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This question already has an answer here:

We have a very simple program invoking the Type.GetType static method. Both examples should return a valid type instance. Only the second one actually is. Looks like something odd is happening with the stack crawl used by GetType, but what exactly is the issue here? Is it bug or some obscure feature?

public class TestClass { }

class Program
{
    static void Main(string[] args)
    {
        var fullName = typeof(TestClass).FullName;
        Console.WriteLine("Full name: {0}", fullName);

        new[] { fullName }.Select(Type.GetType).ToList().ForEach(t => Console.WriteLine("Method group: '{0}'", t));
        new[] { fullName }.Select(t => Type.GetType(t)).ToList().ForEach(t => Console.WriteLine("Closure: '{0}'", t));
    }
}

Running:

Full name: GetTypeBeingWeird.TestClass
Method group: ''
Closure: 'GetTypeBeingWeird.TestClass'
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marked as duplicate by nawfal c# Mar 24 at 6:36

This question has been asked before and already has an answer. If those answers do not fully address your question, please ask a new question.

    
May be I should close the older one? Not sure, welcoming opinions on this... – nawfal Mar 24 at 6:36
up vote 163 down vote accepted

This is really interesting. It's a mixture of the behaviour of Type.GetType(string) in terms of the calling assembly, and how method group conversions work.

First, the Type.GetType documentation includes this:

If typeName includes the namespace but not the assembly name, this method searches only the calling object's assembly and Mscorlib.dll, in that order.

In your first call, you're passing in a delegate which calls Type.GetType... but it isn't particularly called from your assembly. It's effectively called directly from the Select method in LINQ... if you looked at the stack trace from within Type.GetType, you'd see Select as the direct caller, I believe.

In your second call, you're passing in a closure which calls Type.GetType, and that call is within your assembly.

That's why it finds the type in the second case but not the first. This is further validated by specifying a type which is in the LINQ assembly:

var fullName = typeof(Enumerable).FullName;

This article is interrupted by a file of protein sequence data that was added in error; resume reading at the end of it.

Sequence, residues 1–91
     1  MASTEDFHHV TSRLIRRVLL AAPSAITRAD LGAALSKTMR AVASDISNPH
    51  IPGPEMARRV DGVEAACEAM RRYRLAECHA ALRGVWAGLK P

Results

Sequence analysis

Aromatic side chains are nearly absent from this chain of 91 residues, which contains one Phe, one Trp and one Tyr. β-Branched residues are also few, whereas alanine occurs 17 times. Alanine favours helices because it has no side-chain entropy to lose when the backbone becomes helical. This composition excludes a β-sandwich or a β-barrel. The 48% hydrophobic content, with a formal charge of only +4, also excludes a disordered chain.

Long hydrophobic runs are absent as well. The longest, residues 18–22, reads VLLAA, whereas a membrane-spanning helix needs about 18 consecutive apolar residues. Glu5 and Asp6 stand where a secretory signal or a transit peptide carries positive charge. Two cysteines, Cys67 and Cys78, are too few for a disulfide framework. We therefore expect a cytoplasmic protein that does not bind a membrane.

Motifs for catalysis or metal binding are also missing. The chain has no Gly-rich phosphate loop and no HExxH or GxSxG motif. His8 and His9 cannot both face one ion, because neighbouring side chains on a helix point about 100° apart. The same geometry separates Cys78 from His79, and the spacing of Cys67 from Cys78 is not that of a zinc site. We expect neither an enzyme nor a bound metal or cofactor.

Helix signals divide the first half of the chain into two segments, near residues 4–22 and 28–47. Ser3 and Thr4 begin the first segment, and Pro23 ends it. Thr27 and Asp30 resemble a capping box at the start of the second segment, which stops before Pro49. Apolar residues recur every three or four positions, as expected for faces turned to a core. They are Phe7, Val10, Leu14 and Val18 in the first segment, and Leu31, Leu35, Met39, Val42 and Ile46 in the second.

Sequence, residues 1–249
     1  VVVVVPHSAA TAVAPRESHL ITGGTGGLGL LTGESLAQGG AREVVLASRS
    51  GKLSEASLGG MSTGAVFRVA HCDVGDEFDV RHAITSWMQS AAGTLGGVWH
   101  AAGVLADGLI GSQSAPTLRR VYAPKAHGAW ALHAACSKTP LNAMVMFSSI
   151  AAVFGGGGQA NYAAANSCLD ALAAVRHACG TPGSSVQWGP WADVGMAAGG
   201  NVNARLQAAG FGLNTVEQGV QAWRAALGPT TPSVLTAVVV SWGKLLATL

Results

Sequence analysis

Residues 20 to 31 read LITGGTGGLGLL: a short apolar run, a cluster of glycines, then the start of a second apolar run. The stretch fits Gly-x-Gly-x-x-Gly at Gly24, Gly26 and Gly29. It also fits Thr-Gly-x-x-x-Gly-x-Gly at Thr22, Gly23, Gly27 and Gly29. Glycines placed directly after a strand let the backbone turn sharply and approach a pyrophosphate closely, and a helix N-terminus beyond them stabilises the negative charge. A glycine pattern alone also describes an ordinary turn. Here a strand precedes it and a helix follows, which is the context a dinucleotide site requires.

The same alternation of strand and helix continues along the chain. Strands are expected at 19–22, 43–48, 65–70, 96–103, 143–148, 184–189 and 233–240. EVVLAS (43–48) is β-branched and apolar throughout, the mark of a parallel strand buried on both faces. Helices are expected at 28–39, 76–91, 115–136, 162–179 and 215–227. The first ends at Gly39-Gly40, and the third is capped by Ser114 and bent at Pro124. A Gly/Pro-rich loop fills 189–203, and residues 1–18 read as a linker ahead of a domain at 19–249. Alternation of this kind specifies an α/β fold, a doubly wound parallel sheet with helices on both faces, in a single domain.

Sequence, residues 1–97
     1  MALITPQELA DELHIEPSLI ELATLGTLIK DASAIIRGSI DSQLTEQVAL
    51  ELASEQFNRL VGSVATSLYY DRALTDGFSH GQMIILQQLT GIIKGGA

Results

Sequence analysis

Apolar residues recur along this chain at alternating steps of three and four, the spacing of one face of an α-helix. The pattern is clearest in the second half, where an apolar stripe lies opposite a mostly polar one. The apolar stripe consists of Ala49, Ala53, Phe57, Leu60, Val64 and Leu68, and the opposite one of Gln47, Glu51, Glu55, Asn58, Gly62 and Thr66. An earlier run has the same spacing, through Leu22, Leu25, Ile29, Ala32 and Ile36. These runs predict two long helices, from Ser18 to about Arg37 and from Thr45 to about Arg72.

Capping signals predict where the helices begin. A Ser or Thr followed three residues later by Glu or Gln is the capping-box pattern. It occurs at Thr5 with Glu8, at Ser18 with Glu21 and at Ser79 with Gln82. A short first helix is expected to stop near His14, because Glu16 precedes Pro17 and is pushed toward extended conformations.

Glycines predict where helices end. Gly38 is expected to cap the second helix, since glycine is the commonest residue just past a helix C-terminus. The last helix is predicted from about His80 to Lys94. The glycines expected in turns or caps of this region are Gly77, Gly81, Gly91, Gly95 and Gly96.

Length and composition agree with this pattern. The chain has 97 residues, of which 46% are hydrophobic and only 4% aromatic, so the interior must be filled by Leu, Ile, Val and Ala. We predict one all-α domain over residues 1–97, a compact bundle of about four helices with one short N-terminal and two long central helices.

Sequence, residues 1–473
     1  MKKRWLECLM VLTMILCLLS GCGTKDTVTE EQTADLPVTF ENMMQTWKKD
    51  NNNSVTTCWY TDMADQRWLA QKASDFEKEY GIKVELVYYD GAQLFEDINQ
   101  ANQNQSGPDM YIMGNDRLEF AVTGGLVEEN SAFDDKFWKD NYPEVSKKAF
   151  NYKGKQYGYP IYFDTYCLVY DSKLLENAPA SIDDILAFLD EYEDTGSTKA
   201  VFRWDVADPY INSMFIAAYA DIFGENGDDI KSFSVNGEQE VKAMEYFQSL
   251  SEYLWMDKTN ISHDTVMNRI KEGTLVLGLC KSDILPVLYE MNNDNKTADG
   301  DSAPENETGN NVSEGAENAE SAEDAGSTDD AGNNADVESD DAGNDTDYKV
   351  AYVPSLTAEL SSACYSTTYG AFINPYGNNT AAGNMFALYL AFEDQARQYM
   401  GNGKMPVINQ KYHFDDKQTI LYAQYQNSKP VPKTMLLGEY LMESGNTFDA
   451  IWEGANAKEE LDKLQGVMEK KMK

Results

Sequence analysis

Then the results are the opposite way round:

Full name: System.Linq.Enumerable
Method group: 'System.Linq.Enumerable'
Closure: ''

If you specify something in mscorlib (e.g. typeof(string).FullName) then both approaches work:

Full name: System.String
Method group: 'System.String'
Closure: 'System.String'

The way to get around this oddity when looking for your class, still using a method group, is simply to supply the assembly-qualified name instead:

var fullName = typeof(TestClass).AssemblyQualifiedName;
share|improve this answer
16  
Wow, using the calling assembly as a hidden input is hideous. Fun bug, though. – usr Feb 29 at 16:19
5  
Use of calling assembly instead of entry or executing as default may be (and I am sure is indeed) a deliberate decision. One reason I can think of is to avoid type spoofing in mscorelib calls to Type.GetType() if entry/executing assembly has declared same namespace and type name matching mscorelib's. One man's "hideos" is another man's not having his ass handed back to him via std library hijacking. – takiysobi Feb 29 at 17:08
5  
The API should not take any assembly as a hidden input. It should be specified by the caller. Using the entry assembly would be almost as bad. A type name without an assembly name is simply ambiguous. There is no good disambiguation strategy possible. – usr Feb 29 at 21:27
1  
@Jon did you really mean ? That's why it finds the type in the first case but not the second or you mean was : second case but not the first, i am confused – Ehsan Sajjad Mar 1 at 8:10
1  
@EʜsᴀɴSᴀᴊᴊᴀᴅ: For this particular call, if you're only specifying a namespace-qualified type name, yes. For most methods, which don't care about the calling assembly, or if you're specifying an assembly-qualified name, it's fine. – Jon Skeet Mar 1 at 8:17

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